Scramble some eggs in this beat-em-up
One of the major problems facing iPhone 3D games is the issue of movement. Some games have tried to superimpose buttons and joysticks on the screen, which in my estimation is a terrible way to try to navigate game space. With Brandnew Boy, developer Oozoo has come up with an elegant and surprisingly effective way to moveâ€”unfortunately, that is about the long and short of what is good about the game.
In Brandnew Boy, you will be controlling an amnesiac that for whatever reason has to kick the ever-loving tar out of eggmen and other baddies. He’s guided by what appears to be a TV along the way. There is a story here, but within the first few lines of dialogue there is a grievous grammatical error that sets the tone for the rest of the game’s plot. You’ll be safe to just skip through it and save your brain cells.
The game is set up in stages, which you are ranked on a medal system based on how fast you complete the stage and how much damage you take. Each stage starts with some dialogue between the boy and the TV before it starts proper and you run around kicking and punching bad guys in the form of eggs that can shoot rockets at you and punch and kick back.
Combat is a fairly straight-forward affair. When the egg people come into view, you tap on one of them which launches your character forward into a dramatic jump kick to the face. After you’ve supplied a nice helping a foot to the face, you follow it up by tapping on the enemy until it is dead. There is a meter that flows across the screen where you can hit for more damage, but for most levels it is not necessary. You can simply tap away at the screen and demolish your foes with little to no thought. The only strategy I had to employ later in the game was when enemies would start to swarmâ€”you can see an exclamation point buzz over enemy attackers when they are about to strike. Simply change your target and you’re in the clear.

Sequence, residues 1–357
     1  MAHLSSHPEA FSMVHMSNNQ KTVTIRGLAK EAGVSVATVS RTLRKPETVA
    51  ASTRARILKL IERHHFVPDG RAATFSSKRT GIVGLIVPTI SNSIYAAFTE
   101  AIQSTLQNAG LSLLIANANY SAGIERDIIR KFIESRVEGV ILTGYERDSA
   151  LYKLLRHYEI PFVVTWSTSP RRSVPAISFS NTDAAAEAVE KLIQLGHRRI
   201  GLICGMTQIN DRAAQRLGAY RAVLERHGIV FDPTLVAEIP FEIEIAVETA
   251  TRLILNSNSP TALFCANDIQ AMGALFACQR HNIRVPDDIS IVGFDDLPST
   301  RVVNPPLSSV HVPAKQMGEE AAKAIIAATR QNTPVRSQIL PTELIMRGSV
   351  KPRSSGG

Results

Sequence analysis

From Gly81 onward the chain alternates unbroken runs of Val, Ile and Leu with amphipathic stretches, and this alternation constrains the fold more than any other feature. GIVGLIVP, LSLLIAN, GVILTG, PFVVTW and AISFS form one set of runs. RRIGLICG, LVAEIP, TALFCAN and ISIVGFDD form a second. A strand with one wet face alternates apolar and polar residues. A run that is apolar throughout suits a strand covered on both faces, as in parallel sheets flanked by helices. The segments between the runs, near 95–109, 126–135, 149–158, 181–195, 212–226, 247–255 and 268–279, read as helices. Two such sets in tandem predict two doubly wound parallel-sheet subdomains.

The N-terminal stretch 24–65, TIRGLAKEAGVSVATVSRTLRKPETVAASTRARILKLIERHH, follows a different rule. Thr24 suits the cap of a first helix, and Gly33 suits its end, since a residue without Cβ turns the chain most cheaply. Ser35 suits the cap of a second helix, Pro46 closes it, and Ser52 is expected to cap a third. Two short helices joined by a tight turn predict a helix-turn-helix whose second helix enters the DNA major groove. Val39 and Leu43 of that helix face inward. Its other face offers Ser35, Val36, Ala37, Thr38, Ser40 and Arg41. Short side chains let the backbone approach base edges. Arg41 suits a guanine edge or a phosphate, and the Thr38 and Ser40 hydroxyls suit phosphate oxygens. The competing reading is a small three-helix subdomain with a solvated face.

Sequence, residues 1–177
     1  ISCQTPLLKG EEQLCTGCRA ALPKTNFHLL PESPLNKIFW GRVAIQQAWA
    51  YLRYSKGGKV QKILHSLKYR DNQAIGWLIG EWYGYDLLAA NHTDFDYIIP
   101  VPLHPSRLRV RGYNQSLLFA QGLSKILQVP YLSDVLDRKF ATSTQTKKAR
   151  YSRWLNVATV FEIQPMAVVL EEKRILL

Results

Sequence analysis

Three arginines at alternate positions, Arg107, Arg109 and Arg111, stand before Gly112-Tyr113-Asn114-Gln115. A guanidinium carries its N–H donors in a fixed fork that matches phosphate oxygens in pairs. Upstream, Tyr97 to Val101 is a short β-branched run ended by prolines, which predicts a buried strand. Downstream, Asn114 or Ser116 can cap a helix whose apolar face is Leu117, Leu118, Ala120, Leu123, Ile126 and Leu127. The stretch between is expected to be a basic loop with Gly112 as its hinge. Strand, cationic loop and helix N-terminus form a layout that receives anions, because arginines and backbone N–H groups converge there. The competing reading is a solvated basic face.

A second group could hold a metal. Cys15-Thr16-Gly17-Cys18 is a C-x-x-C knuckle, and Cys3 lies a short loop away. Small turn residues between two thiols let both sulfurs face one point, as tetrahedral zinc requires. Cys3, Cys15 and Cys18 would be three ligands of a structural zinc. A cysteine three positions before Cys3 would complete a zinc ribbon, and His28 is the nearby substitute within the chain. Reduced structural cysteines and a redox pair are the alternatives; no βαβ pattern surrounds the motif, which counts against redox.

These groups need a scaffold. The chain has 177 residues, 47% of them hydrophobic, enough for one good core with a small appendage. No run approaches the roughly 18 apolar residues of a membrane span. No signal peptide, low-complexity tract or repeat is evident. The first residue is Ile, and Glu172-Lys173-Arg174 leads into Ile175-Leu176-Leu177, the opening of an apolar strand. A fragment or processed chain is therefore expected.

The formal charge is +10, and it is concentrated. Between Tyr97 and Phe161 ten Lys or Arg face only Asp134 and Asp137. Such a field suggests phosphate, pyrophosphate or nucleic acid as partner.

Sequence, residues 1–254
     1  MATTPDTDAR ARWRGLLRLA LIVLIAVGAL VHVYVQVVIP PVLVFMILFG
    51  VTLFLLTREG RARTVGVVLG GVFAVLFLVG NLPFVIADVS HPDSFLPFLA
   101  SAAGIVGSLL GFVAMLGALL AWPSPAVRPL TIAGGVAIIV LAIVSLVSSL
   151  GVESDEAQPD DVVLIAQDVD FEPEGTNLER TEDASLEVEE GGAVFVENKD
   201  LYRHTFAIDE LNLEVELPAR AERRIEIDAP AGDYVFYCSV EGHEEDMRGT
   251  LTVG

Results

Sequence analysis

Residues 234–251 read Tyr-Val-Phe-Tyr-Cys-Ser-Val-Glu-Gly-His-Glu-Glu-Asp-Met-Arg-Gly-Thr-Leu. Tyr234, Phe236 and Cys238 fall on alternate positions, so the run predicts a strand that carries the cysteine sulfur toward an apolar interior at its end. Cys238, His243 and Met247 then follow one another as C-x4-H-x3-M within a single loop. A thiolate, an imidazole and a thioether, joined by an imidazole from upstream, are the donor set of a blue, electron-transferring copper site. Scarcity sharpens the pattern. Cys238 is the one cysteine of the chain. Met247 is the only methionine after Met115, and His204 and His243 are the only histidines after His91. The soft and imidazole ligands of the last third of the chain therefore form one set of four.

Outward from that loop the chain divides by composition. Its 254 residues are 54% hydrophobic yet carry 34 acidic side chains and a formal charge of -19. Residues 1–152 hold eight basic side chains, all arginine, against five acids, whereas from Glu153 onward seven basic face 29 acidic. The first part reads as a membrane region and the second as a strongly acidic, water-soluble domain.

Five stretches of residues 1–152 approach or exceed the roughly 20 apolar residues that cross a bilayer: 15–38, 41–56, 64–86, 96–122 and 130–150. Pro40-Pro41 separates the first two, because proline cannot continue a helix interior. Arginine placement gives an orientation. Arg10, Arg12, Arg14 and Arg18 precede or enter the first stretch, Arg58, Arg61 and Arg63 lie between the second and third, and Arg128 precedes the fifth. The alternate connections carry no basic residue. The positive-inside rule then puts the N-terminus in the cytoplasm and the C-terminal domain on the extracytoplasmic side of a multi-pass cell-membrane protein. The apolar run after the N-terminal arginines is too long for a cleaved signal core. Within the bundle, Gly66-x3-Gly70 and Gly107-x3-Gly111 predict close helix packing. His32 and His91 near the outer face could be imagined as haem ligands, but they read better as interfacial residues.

So, from a gameplay and plot standpoint, there’s really not a lot to write home about in Brandnew Boy. However, as previously mentioned, the game has a surprisingly well done control mechanism to navigate in 3D space. Tapping on the screen makes your character move forward, and swiping horizontally will allow you to move left or right. It works extremely well, and is one of the better games on the market that I have played in terms of simply getting from point A to point B. It is surprising that, even after all this time, mobile game developers still struggle with best practices in regards to game movement. Brandnew Boy gets it right.
Unfortunately, an innovative and well done approach to movement is only one part of the puzzle to making a good game, and Brandnew Boy is missing almost every other element. If you want a Dynasty Warriors style mindless action game, perhaps you should give it a go. Otherwise, just be on the lookout for other games that implement this movement scheme with a better game behind it.